using ULA for 'hidden' v6 devices?

George Bonser gbonser at
Thu Jan 26 12:19:07 UTC 2012

> It was a suggestion a previous homenet session, but the security aspect
> of homenet is lagging rather behind the current focus of routing and
> prefix delegation.  The usefulness of the suggestion does depend on ULA
> filtering at borders, and defining the borders.
> I'm interested in views as one of the editors of the homenet
> architecture text.
> Tim

I filter the entire space at the borders.  Besides, if someone leaks the space, most people won't accept it, certainly any provider worth their salt won't.  But one of the problems with ULA and the U part.  With RFC 1918 everyone is using the same space.  So let's say 10 million networks are using 10/8 and 10,000 of them are leaking bits of it.  IF their providers accept their leaks and IF their providers' peers accept it, that leaves only 10,000 different places a 10/8 destined packet could go.  In other words, 1918 becomes a maze of twisty caverns each one looking the same as the other.  The chances of being able to target any specific network is pretty darned low.  With ULA and v6, if it leaks and the addresses were chosen properly, the chances of targeting a specific network are much better.  I rather like the notion of everyone using the same v6 space for internal stuff and maybe using nat64/dns64 to talk to each other over VPN.  That way if the space leaks in only .1% of cases, the chances of a packet ending up at its intended destination is pretty much random and not guaranteed to end up in the same network an hour from now as it is now.  If you want LA, fine, assign ONE /32 for that and everyone uses it.  It's like having a million people named "Bob".  If you should "Bob", there's no guarantee you will be answered by the Bob you intended and 5 minutes from now you might be answered by a completely different Bob.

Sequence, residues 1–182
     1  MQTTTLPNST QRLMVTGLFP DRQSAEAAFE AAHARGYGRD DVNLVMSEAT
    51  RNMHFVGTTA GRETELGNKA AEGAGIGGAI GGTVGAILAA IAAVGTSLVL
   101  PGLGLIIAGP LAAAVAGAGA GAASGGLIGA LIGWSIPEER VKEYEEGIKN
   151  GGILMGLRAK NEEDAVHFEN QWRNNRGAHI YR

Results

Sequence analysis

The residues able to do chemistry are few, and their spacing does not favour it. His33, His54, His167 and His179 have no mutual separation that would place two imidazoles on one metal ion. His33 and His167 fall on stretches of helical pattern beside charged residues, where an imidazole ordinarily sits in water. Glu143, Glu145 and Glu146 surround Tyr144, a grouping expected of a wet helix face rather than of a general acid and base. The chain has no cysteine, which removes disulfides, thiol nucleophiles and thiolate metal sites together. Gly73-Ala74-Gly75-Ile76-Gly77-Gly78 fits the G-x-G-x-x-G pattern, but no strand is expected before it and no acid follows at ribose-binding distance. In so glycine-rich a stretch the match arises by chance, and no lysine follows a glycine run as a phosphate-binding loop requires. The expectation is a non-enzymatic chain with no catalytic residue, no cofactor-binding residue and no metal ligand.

In other words, you turn leakage into a feature.  You make the fact that routes might leak add to the uncertainty by having everyone use the same nets.  The more people that leak, the less likely you are to reach an intended destination.  V6 ULA makes it MORE likely a leak will result in a security breach because it reduces the chances that two nets will leak the same routes.

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